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Independence Day Special – America’s Hidden History Part One – What is Independence Day all about? Do Americans know why we celebrate the 4th of July? Is there important information being left out of our history books? Who gave us our freedom? What was their faith? How did they sacrifice? Tune in for part one of a special Independence Day broadcast!

Air Date: 07/04/2022

On-air Personalities: David Barton, Rick Green, and Tim Barton


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Transcription note:  As a courtesy for our listeners’ enjoyment, we are providing a transcription of this podcast. Transcription will be released shortly. However, as this is transcribed from a live talk show, words and sentence structure were not altered to fit grammatical, written norms in order to preserve the integrity of the actual dialogue between the speakers. Additionally, names may be misspelled or we might use an asterisk to indicate a missing word because of the difficulty in understanding the speaker at times. We apologize in advance.

 

Rick:

Welcome to the intersection of faith and the culture. This is WallBuilders Live, where we’re always talking about today’s hottest topics on policy, faith and the culture. But we always look at those topics from a biblical, historical and constitutional perspective.

And this week we’re going to do that in a very special way. For the next three days, we’re going to be bringing you a very special program about Independence Day with David and Tim Barton, a TBN special that you can actually watch online as well. But we’re going to bring that to our listeners here at WallBuilders Live because it has such great content to remind us how we got our independence, what that really means, what does it mean to be free and how do we preserve that freedom for future generations. We’re going to dove right into that programing right now.

Now, before we go there, though, I want to encourage you to visit our website today at wallbuilderslive.com, it’s an opportunity for you to see where we’re on all over the country. You can pick out the station closest to you to listen. Or you can go to the archives and listen to some of the past programs from the past few months. And then, most importantly, if you like this program and you want to see more of it, you want to get it in the hands of more citizens to equip and inspire them to preserve liberty, then go to wallbuilderslive.com today, click on that donate button, make your contribution.

What a great way to celebrate our independence by teaming up with us, by partnering with us to preserve that independence to preserve that freedom. You can do that with a donation today. Don’t forget, the Founders gave their lives, fortunes and sacred honor. They had to financially invest in freedom. And today, we do that by engaging in this process and by inspiring and equipping people to be good citizens, to know how to vote, to know what freedom is, to be able to measure candidates according to those freedom principles and then to engage in good government. That’s what we do here at WallBuilders Live as we educate people on how to do that and you can be part of the solution.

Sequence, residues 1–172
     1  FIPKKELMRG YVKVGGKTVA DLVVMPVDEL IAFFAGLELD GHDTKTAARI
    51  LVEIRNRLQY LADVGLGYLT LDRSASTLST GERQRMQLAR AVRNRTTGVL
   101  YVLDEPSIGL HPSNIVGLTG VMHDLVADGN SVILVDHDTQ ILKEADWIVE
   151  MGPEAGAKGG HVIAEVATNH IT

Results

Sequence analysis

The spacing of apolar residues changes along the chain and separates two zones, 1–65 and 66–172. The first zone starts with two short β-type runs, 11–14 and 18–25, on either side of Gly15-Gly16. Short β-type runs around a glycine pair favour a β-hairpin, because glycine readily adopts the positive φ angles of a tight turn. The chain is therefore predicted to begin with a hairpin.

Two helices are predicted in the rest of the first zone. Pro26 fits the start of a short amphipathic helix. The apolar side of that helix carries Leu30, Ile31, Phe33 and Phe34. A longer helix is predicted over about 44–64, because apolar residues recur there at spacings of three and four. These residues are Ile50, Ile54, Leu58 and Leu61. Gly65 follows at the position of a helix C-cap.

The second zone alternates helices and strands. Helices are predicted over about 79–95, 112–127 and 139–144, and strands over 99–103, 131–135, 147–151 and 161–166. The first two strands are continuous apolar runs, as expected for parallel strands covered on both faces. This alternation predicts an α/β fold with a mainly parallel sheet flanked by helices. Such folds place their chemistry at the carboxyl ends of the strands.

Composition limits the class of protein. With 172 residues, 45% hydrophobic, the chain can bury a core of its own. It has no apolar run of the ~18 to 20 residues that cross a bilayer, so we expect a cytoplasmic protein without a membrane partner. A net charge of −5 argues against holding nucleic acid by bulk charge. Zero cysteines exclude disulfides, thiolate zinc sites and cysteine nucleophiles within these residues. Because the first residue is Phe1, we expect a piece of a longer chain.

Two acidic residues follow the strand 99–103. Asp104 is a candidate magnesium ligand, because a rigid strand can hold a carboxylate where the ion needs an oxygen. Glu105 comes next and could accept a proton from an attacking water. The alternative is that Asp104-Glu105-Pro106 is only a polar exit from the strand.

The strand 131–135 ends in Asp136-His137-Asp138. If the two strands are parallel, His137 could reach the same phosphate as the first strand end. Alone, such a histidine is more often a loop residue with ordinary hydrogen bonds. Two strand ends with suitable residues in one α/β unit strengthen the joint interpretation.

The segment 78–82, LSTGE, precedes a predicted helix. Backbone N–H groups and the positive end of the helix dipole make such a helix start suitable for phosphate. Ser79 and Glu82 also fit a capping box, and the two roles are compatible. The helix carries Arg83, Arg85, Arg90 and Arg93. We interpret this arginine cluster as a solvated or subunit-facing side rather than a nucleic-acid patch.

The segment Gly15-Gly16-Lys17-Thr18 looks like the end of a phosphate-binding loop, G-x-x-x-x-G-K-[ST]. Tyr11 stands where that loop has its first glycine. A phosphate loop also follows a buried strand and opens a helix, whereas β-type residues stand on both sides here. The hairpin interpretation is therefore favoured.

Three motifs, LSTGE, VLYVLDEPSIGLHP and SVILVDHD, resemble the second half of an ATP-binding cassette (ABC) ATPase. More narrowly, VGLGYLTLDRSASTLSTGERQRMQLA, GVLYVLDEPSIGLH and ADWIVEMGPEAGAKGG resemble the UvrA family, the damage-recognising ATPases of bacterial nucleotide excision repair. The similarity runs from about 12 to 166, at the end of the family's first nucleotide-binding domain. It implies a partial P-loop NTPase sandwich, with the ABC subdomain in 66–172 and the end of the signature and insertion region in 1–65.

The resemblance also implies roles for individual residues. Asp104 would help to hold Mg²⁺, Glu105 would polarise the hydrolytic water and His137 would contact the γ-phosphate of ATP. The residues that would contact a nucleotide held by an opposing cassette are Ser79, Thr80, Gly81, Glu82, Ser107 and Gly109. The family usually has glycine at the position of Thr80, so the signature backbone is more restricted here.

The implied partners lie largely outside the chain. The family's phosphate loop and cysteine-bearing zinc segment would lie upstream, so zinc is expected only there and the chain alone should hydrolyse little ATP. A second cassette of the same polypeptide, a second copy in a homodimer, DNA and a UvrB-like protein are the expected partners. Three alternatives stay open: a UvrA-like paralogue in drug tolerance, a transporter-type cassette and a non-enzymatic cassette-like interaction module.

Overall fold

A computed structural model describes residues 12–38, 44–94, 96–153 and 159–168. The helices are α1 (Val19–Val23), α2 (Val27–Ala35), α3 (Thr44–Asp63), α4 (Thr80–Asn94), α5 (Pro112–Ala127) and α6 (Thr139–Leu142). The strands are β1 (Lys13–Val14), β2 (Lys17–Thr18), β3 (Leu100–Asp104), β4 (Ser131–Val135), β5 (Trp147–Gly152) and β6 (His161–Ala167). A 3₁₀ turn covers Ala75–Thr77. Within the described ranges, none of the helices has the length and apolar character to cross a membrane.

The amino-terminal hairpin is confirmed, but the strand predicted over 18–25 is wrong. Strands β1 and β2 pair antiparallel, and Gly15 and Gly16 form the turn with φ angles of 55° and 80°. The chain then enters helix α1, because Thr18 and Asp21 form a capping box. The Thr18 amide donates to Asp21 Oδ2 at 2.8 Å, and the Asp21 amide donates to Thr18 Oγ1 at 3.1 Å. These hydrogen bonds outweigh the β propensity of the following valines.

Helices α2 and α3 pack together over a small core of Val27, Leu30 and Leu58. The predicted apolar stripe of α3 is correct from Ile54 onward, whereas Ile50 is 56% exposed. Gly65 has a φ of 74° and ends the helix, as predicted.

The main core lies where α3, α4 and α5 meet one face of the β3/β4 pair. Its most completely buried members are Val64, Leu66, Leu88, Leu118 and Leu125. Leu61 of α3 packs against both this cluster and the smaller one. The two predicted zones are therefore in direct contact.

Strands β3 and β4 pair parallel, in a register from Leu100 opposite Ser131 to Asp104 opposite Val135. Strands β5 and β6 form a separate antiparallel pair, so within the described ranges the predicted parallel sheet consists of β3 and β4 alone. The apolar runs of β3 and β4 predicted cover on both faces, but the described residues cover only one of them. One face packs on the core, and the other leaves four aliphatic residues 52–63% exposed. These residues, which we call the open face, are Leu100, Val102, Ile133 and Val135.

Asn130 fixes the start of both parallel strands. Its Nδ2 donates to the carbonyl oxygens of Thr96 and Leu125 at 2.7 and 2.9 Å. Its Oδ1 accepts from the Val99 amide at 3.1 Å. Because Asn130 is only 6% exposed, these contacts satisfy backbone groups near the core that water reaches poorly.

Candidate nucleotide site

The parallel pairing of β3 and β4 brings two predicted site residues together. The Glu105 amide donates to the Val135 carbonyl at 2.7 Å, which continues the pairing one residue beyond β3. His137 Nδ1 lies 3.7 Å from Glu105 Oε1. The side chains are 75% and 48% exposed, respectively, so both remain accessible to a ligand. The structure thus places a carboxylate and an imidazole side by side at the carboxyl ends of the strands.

Go to that donate button on wallbuilderslive.com, make your donation today as a special July 4th Independence Day celebration. We’re going to be diving into that TV special on Independence Day with David and Tim Barton.

INDEPENDENCE DAY

Tim:

Hi. I’m Tim Barton.

David:

And I’m David Barton.

Tim:

And we’re here in Philadelphia. Behind us is Independence Hall. This is the place where the Declaration of Independence was actually constructed. When we celebrate the 4th of July, we’re really celebrating the accomplishments from the building right behind us.

David:

This is a birthplace of national freedom. And we’re going to go all across the northeast looking at the stories of those who gave us that freedom. We’re going to look at their faith. We’re going to look at their family. And we’re going to look at their sacrifice. It’s remarkable stories.

Tim:

This is America’s hidden history.

Guest 1:

Modern historians have revised, rewritten and even deleted entire chapters of American history. So what are we missing? What happened to the history that didn’t make the books? Join historian David Barton, Tim Barton and special guests as they uncover the facts some historians don’t want you to know. This is America’s Hidden History.

Tim:

Behind me is Independence Hall. And this is where the 56 men were together when we did the Declaration. But, you know, today, so few Americans know who actually signed the Declaration, what the Declaration is even about. We thought, let’s just go on the street and find out what do people actually know?

Hey, I’m Tim.

Susan:

Hi, I’m Susan.

Tim:

Susan, nice to meet you. Okay, we’re doing a survey on the 4th of July. Why do we celebrate the 4th of July?

Susan:

We celebrate American.

Tim:

Great. Nice to meet you, Greg. Okay. What do we celebrate on the 4th of July?

Greg:

Independence.

Tim:

From?

Greg:

Slavery.

Tim:

Cool, Great Britain. Slavery is a little later. Hey, man, I’m Tim.

Nick:

Hi, I’m Nick.

Tim:

Nick, nice to meet you. What do we celebrate on the 4th of July?

Nick:

Independence from England. Yeah.

Tim:

Okay. No, no. It’s really good, though. Many people have not gotten that right. My name’s Tim.

Marcus:

I’m Marcus.

Tim:

Do you know where the Declaration of Independence was signed?

Marcus:

It was signed in Boston, Massachusetts.

 

Tim:

It’s not a bad guess. Do you know where that was done?

Guest 2:

No, I don’t. I don’t. I want to say Delaware.

Tim:

It’s a really good guess.

Catherine:

Hi, Catherine.

Tim:

Nice to meet you.

Catherine:

Oh, goodness. No.

Tim:

Okay. Do you know where the Declaration was signed?

Catherine:

I do. Pennsylvania.

Tim: